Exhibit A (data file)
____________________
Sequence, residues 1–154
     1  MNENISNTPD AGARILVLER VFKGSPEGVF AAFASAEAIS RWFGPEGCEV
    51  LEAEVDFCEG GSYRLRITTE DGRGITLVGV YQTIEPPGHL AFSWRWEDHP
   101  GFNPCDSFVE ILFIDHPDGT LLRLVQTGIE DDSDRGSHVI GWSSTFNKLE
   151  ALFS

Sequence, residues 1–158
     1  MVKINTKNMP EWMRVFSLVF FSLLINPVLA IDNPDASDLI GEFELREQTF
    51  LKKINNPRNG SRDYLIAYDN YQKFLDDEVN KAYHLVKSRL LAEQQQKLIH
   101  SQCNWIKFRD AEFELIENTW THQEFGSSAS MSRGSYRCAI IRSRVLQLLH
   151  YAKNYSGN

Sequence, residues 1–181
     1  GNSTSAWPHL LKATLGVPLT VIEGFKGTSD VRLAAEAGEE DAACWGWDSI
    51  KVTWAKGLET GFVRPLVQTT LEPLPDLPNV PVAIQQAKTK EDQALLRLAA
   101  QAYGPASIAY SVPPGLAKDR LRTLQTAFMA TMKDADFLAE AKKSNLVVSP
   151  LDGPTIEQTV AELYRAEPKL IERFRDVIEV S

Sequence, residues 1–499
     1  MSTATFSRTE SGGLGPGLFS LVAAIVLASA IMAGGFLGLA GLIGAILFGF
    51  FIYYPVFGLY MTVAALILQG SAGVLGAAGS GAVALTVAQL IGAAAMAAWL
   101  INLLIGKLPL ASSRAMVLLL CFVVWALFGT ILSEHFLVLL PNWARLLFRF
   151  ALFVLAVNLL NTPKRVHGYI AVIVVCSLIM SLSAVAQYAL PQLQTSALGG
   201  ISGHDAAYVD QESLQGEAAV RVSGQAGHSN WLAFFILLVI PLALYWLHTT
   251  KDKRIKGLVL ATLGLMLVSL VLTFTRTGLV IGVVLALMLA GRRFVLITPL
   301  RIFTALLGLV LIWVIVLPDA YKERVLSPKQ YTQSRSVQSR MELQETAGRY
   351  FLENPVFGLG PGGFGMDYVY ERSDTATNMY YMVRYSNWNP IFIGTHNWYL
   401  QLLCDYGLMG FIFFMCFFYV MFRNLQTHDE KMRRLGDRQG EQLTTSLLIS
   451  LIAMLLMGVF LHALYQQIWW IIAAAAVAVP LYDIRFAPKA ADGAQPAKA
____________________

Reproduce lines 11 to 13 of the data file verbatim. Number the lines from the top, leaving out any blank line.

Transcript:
Sequence, residues 1–181
     1  GNSTSAWPHL LKATLGVPLT VIEGFKGTSD VRLAAEAGEE DAACWGWDSI
    51  KVTWAKGLET GFVRPLVQTT LEPLPDLPNV PVAIQQAKTK EDQALLRLAA